‘It takes two to tango’: Pakistan Army chief says his country wants normal ties with India

Pakistan wants normal and peaceful ties with a “belligerent” India but it “takes two to tango”, army chief Gen Qamar Javed Bajwa said on Wednesday against the backdrop of strained relations between the two countries.

Bajwa made the remarks at a seminar in the port city of Karachi while referring to Pakistan’s “external front”, which he said “continues to remain in a flux”.

There have been no substantive contacts between New Delhi and Islamabad in recent months, with India making any dialogue conditional to the end of Pakistan’s backing for cross-border terrorism. A comprehensive dialogue process agreed on during external affairs minister Sushma Swaraj’s visit to Islamabad in December 2015 never took off because it was followed by a string of terror attacks.

“We have also expressed and demonstrated our genuine desire to have normal and peaceful relations with India, however, it takes two to tango,” Bajwa said in his speech at the seminar on “interplay of economy and security”.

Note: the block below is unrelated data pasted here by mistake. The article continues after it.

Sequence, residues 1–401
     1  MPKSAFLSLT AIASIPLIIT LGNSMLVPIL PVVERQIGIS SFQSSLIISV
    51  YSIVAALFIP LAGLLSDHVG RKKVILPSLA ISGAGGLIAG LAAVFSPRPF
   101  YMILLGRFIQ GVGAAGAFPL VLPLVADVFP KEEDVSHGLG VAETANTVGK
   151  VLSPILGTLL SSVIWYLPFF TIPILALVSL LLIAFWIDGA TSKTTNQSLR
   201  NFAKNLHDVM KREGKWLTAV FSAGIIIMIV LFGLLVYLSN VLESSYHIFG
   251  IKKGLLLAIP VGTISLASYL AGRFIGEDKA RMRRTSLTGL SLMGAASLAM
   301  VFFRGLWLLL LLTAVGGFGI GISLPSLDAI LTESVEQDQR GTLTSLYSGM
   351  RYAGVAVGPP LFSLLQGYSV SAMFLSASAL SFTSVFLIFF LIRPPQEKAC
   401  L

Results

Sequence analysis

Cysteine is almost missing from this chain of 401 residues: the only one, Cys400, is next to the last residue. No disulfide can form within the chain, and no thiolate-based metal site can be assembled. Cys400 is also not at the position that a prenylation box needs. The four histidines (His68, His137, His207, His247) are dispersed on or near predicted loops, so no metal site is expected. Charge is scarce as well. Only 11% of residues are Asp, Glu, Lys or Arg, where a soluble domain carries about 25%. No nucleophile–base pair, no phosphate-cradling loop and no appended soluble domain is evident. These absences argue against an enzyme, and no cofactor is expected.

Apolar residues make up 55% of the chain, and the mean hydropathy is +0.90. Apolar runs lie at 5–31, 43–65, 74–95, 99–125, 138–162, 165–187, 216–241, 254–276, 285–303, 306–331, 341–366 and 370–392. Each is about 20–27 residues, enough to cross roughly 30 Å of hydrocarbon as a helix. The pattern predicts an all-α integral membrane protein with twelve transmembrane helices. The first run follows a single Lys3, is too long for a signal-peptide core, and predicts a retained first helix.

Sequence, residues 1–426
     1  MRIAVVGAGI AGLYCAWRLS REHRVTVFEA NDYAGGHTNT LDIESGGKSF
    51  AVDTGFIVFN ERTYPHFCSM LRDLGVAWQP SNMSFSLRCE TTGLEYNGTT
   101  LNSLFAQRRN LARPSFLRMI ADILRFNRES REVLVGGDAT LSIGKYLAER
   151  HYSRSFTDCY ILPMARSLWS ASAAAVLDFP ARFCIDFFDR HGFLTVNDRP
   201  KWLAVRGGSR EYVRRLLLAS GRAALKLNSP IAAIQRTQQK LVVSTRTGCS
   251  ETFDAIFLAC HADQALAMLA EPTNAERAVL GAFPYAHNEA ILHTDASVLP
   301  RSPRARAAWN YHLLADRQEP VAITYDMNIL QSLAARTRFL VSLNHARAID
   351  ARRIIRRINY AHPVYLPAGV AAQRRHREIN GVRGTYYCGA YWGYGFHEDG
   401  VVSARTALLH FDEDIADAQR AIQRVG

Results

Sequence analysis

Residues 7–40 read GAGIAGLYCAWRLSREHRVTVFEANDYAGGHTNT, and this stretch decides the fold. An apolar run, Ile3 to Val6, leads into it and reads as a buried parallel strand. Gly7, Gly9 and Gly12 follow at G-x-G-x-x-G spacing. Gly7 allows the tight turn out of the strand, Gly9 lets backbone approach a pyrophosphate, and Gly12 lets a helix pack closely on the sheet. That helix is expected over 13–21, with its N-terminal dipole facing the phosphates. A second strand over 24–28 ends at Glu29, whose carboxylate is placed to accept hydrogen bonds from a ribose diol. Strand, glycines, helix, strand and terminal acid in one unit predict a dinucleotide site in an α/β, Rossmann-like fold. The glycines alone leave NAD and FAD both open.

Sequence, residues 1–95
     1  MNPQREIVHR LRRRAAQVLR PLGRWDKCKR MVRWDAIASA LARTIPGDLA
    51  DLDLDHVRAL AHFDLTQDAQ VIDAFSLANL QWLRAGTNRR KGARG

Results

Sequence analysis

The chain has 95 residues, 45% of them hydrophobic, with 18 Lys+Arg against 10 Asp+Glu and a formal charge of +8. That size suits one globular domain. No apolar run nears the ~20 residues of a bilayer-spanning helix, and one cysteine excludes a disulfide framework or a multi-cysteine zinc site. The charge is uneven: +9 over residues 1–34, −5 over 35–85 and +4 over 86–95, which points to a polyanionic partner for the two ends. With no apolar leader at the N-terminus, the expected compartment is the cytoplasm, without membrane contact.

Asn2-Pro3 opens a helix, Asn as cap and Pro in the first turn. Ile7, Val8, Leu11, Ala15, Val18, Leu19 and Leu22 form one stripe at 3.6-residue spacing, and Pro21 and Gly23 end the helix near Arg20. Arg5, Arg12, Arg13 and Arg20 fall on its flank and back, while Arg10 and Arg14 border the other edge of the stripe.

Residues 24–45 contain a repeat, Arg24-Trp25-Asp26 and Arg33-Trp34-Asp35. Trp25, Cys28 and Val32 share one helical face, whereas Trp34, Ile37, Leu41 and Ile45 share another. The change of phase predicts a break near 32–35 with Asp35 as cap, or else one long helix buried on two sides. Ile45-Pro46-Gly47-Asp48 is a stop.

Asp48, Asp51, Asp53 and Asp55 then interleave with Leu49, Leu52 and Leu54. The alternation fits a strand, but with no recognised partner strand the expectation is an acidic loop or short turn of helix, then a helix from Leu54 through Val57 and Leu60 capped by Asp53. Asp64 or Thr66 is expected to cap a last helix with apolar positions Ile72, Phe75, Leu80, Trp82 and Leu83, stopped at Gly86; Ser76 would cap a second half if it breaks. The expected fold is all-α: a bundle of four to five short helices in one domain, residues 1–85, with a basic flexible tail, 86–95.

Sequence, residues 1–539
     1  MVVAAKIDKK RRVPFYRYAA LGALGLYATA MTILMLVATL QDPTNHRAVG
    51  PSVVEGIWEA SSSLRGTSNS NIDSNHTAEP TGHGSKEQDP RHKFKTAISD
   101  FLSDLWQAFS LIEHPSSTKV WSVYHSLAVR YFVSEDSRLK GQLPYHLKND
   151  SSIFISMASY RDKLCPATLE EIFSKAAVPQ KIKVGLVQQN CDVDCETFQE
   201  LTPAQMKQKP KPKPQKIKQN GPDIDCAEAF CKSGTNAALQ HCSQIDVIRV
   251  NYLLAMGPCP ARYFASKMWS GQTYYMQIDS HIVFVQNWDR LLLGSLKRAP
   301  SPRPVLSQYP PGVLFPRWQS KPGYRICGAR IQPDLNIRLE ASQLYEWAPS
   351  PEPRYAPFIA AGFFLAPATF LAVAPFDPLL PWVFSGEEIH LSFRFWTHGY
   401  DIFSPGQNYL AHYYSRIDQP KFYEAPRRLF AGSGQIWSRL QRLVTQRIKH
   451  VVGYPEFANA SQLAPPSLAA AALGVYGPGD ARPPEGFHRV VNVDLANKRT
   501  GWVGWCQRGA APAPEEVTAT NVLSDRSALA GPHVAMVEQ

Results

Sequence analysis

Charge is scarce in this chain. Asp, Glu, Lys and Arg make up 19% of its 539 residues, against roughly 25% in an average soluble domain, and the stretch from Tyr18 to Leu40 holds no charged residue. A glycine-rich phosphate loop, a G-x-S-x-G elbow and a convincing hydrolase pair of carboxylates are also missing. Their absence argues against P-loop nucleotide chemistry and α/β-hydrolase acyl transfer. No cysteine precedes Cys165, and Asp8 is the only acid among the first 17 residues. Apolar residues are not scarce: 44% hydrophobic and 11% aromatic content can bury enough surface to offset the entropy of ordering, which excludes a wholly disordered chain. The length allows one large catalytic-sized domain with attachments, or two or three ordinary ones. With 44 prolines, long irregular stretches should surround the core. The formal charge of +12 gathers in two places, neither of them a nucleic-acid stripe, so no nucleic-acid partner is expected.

“With a belligerent India on our east and an unstable Afghanistan on our west, the region remains captive due to historical baggage and negative competition,” he added.

Pakistan’ he said, had made a “deliberate and concerted effort to pacify” the border with Afghanistan through diplomatic, military and economic initiatives. It had also boosted human security in the restive tribal belt bordering Afghanistan and surrounding areas.

Pakistan has reacted warily to US President Donald Trump’s call for India to play a larger role in war-torn Afghanistan. Prime Minister Shahid Khaqan Abbasi has repeatedly said he sees no role for India in Afghanistan.

Pakistan has also come under increased pressure from the US to crack down on terror groups such as the Haqqani Network.

During the seminar, Bajwa stressed the need for Pakistan to strike a viable balance between economy and security. “Only then will we arrive at a future that ensures sustained peace and happiness for our people,” he said.

“We live in one of the most volatile regions of the world, dealing with multiple crises since inception, but increasingly so during the last four decades,” he added.

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